We are partnering with the Vermont Land Trust and willing landowners to help increase riparian buffers along the Lamoille River. The former power company Central Vermont Public Service Corporation, now Green Mountain Power, is helping fund feasibility research into expanding naturally vegetated riparian buffers in areas impacted by their operations. Increasing riparian buffers improves water quality, river bank stability, wildlife habitat, and flood resiliency.

Initial mapping of the targeted area has identified over thirty high priority parcels for creating riparian buffers – many on farm land already conserved by the Vermont Land Trust. VRC and VLT will work together with interested landowners to create a more ecologically robust and flood resilient Lamoille River. Creating riparian buffers upstream can help improve water quality downstream, and this has direct benefits for Lake Champlain, parts of which suffer from poor water quality in the summer.

Funding for this project is provided by Central Vermont Public Service Corporation (CVPS) through the VT Agency of Natural Resources Ecosystem Restoration Grant program, and the Vermont Community Foundation’s Lake Champlain Tributaries Restoration grants.

 

Canute Dalmasse Legacy Fund

Wednesday, January 2nd, 2013

 

Contributions to this fund were the catalyst for the development of the Connecticut River Paddlers’ Trail, a series of permanent access points and campsites spanning from the river’s headwaters south to the Massachusetts border. Together with area partners, we have completed seven campsites and three river access points, significantly expanding opportunities for Vermonters to explore one of New England’s greatest waterways.  Gifts helped establish a 7.3-acre park on the Missisquoi River in Enosburg Falls, providing anglers and paddlers 1,500 feet of permanent access to trophy trout waters.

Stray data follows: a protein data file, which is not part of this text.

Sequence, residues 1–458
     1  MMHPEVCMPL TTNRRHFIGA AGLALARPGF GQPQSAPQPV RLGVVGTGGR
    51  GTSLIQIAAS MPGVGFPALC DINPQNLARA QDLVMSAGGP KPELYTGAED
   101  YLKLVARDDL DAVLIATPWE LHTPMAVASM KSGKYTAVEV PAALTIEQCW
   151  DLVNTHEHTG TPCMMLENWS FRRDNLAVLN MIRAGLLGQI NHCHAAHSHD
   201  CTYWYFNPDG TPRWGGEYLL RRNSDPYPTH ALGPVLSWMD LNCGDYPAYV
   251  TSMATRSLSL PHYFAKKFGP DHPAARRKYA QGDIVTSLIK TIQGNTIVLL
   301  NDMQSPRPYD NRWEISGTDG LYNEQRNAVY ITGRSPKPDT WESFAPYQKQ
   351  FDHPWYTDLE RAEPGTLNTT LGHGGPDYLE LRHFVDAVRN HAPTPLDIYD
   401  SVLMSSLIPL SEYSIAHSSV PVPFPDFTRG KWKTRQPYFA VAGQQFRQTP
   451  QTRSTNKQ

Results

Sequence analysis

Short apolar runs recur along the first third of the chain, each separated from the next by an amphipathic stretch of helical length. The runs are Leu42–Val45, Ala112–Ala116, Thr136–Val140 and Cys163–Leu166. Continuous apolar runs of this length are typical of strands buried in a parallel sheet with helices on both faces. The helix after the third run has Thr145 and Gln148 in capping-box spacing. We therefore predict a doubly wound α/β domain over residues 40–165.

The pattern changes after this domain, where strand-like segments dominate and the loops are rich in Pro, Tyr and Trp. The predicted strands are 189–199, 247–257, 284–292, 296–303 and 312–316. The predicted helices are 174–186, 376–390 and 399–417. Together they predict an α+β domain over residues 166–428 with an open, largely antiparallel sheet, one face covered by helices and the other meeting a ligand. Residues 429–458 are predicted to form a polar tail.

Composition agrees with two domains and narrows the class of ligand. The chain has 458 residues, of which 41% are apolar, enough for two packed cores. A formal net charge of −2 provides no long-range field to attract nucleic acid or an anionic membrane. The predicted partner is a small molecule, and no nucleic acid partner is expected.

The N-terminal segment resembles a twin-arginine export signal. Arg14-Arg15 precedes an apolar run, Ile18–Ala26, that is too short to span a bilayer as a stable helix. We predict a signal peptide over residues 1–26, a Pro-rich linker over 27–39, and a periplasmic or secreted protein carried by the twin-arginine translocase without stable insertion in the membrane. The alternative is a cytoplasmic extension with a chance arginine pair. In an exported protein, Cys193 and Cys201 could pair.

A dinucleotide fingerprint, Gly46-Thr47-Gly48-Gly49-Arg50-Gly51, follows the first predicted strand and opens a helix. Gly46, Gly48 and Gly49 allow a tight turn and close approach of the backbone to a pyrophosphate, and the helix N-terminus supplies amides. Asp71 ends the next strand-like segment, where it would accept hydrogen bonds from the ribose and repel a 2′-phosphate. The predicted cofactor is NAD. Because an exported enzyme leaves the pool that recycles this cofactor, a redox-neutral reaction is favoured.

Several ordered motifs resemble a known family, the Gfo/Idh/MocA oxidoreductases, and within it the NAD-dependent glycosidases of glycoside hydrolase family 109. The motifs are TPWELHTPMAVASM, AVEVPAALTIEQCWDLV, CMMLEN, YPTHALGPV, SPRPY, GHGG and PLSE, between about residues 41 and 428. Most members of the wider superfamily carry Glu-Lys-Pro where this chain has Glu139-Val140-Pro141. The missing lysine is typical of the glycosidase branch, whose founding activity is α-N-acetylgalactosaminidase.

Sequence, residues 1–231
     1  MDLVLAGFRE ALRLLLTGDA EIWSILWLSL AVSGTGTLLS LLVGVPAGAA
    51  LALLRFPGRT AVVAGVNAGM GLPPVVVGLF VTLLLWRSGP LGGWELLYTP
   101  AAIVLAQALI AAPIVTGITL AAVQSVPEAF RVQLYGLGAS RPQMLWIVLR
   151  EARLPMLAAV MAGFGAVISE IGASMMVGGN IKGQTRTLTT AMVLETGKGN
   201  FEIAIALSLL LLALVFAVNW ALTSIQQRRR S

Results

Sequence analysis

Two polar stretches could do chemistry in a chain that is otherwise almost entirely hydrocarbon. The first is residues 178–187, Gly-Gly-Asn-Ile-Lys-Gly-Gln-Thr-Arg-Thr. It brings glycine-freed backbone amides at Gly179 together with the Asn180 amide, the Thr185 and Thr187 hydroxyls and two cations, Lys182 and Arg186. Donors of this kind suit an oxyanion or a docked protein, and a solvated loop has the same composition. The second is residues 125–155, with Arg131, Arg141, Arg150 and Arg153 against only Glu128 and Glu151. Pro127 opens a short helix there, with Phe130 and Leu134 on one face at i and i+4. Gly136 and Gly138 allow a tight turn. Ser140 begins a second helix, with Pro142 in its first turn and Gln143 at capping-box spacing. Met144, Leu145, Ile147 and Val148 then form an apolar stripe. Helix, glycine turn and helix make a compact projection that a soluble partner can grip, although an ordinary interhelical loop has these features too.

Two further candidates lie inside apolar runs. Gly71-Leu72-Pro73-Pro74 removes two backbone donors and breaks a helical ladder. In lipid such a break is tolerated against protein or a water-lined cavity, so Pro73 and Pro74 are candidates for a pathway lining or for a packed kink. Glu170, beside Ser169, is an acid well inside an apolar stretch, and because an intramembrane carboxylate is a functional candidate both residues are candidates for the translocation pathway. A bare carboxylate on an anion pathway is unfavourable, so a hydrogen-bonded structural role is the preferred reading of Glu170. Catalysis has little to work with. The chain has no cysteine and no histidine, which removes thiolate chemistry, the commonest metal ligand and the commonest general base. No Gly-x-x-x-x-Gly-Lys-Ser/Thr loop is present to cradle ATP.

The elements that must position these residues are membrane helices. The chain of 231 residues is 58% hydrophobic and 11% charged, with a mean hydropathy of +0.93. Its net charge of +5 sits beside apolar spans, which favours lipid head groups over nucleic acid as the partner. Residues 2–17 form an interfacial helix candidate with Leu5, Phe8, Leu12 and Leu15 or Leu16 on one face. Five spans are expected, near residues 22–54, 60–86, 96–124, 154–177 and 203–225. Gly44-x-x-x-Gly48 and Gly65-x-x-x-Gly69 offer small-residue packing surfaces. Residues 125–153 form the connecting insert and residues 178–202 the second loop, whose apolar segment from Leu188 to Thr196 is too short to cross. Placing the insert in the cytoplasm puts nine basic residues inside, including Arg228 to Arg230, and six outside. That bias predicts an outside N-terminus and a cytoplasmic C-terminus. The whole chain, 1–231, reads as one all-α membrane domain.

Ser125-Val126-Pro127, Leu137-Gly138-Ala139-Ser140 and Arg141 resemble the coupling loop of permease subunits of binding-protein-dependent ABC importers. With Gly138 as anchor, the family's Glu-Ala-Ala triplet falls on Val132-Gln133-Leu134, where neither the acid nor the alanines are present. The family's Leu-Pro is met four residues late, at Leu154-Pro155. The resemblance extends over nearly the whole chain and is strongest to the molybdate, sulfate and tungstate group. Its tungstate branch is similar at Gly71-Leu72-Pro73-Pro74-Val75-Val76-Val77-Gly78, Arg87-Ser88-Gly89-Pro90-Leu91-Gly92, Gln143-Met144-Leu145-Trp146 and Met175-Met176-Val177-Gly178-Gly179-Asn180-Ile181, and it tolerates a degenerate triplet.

9/18 (date change) & 9/24 CT River Paddlers’ Trail Work Trips

Wednesday, August 10th, 2011

Please join us for campsite construction, lunch and paddling on the Connecticut River.  The Vermont River Conservancy is developing new campsites as part of the Connecticut River Paddlers’ Trail, a series of primitive campsites and river access points spanning 240 miles from the river’s headwaters to the Massachusetts border, and we need your help!

Date Change due to Hurricane Irene: Volunteer Sunday, September 18th to help build and install a picnic table, small box privy, register box and access signage at a newly designated campsite in Monroe, New Hampshire.

Volunteer Saturday, September 24th to construct a two-bin mouldering privy at a campsite in Maidstone, Vermont.

Lunch will be provided for both workdays. After the work party, join us paddling to explore these scenic stretches of the river.

For more information and to register, please contact Noah Pollock at noah.pollock (AT) gmail.com or (802) 540-0319.

Latest News

Save the Date for VRC’s 2nd Annual River Gala!

Please save the date for the Vermont River ... more »

VRC Welcomes Summer Stewardship Intern

VRC is happy to welcome Summer Stewardship ... more »

VRC is Hiring!

The Vermont River Conservancy is hiring a part-time ... more »

VRC Receives EPA Grant to Restore Floodplain

VRC is in line to receive a $200,000 grant ... more »

VRC Works With Partners to Protect Land Along the White River

–Below is an excerpt from an original ... more »

Help us protect Huntington Gorge today!

Vermont River Conservancy and the Richmond ... more »


See All »